Friday, 24 December 2010

Put Christ Back Into Christianity: The Body of Christ

Absolutely fundamental to the Christian religion is the belief that God, as the second person of the Trinity, took on human form and became man. Jesus Christ, whose incarnation we celebrate at this time, was fully divine - and also fully human.
I want to stress here that word "incarnation", not just the nativity, so familiar from Christmas cards and Nativity plays. Yes, like all other humans he began life as an infant - but he lived and ministered as a man, a real man, fully human, with all that entails. We celebrate the incarnation explicitly at Christmas, but also constantly in the life of the Church, and especially in the Mass. At the consecration, we hear the words, "This is my body", and on receiving communion, "Body of Christ", to which we reply, "Amen". But like so much in tradition, this response has shifted subtly over the millenia.The original response carried rather more punch.

In the early church, when the presbyter administered the holy communion to the faithful, saying "Corpus Christi", the body of Christ, the response was not "Amen", as we now have it, but "I am". Do you see how radical that is? You -I- we- are the body of God, in our humanity.
-Fr Bernard Lynch, in From Queer to Eternity

Thursday, 23 December 2010

Put Christ Back Into Christianity (2): His Exclusion From Church Teaching on Sexuality.

A remarkable feature of the CDF's core document on homosexuality is the almost total absence of any reference to the words or example of Jesus Christ.  The CDF "Letter to the bishops of the Catholic Church on the Pastoral Care of Homosexual Persons" is the almost total absence of any reference to the example or words of Jesus Christ, on whom the Christian message is based. In the letter's 18 paragraphs, there is precisely one specific reference to Jesus, right in the final paragraph, and it has nothing whatever to do with the Church's sexual ethics.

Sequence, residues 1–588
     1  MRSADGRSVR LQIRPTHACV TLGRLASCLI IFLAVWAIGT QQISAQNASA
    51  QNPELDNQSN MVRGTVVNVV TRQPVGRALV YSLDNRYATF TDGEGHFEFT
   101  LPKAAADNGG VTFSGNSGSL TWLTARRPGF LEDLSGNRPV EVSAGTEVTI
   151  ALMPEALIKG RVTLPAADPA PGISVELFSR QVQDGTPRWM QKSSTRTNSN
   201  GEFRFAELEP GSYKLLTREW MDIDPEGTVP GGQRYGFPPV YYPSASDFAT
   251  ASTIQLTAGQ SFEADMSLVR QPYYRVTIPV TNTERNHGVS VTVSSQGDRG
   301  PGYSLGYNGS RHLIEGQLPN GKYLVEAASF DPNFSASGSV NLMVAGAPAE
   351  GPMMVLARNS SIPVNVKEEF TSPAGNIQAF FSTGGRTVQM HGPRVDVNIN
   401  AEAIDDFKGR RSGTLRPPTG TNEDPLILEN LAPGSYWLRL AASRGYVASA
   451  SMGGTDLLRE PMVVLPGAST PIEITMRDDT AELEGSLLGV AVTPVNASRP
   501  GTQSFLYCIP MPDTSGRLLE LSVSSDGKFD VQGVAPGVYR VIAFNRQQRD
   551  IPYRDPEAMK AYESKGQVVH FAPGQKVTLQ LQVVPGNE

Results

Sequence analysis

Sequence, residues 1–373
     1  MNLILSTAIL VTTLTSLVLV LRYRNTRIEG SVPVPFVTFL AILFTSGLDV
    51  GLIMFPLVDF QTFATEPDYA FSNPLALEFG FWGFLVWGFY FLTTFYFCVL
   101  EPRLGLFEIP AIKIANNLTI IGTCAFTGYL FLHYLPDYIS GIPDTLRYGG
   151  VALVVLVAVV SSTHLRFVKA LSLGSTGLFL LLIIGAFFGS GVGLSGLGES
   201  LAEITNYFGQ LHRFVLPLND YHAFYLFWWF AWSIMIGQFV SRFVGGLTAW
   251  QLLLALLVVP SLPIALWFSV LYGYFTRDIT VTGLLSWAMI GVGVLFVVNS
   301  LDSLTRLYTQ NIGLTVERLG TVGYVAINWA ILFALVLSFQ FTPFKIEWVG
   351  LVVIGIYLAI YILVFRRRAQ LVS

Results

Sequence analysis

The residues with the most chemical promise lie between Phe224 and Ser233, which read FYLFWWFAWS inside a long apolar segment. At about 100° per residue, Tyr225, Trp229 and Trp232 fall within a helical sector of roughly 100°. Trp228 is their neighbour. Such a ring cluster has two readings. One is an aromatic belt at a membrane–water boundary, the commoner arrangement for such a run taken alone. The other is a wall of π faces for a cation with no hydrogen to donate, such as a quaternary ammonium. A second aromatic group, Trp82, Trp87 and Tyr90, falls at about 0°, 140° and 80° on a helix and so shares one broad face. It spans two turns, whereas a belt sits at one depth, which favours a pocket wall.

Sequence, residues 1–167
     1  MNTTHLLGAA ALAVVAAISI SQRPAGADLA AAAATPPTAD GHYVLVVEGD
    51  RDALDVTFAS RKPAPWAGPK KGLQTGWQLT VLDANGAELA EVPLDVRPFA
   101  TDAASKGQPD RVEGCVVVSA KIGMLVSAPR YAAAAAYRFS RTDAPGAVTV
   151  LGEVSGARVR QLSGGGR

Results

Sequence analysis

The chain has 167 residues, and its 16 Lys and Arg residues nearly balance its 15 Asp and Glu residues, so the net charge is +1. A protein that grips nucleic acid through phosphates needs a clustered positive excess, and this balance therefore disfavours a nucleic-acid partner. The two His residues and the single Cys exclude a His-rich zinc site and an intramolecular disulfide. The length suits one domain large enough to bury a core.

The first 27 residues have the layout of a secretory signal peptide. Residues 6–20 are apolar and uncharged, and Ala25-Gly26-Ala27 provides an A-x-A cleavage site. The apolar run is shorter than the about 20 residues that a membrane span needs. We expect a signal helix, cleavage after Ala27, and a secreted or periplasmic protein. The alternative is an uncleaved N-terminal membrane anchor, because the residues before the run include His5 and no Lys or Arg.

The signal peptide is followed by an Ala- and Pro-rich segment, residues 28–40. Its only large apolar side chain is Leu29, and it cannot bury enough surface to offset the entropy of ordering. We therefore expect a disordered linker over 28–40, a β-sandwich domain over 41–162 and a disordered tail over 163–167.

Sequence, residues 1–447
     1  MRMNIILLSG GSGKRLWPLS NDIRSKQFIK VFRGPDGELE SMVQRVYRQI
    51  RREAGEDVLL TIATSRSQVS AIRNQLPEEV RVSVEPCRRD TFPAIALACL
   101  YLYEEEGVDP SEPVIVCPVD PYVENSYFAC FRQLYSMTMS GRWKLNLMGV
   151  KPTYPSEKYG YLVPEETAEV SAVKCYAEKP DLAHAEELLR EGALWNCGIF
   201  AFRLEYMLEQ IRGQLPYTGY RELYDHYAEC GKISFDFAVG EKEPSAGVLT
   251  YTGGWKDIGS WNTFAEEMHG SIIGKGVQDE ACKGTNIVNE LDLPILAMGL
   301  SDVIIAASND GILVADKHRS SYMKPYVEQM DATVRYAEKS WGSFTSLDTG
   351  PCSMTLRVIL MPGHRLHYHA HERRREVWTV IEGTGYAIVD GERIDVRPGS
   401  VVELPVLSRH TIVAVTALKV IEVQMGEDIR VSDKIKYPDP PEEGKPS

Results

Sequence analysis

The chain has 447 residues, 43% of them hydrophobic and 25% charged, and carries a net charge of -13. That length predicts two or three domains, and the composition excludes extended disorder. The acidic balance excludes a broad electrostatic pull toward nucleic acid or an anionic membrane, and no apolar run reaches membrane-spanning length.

The Lord Jesus promised, "You shall know the truth and the truth shall set you free" (Jn. 8:32).

A fine recommendation, and one I heartily endorse. Whether the document itself includes too much truth, is another matter entirely.

Put Christ Back Into Christianity: Robert Goss' Queer Theology Renewing Christianity

In her account of the historical development of gay and lesbian/ queer theology, Elisabeth Stuart says that the weakness of both the gay liberationist and the feminist/lesbian approaches is that by working from the basis of real life experience of gays and lesbians, they are not easily accessible by others who do not share than experience. They also, she says, have in practice placed so much emphasis on ethics and relationships that questions of the divine seem to fade into the background: their work barely qualifies as “theology” at all.
This is not an accusation that one could make against Robert Goss, a former Jesuit turned AIDS activist. In his writing, he places God, and in particular the person of Jesus Christ, firmly at the centre of his work. In marked contrast with both the earlier gay and lesbian theologians and the orthodox Catholic theologians of the Vatican, Goss’ theology is built on Christology.

Tuesday, 21 December 2010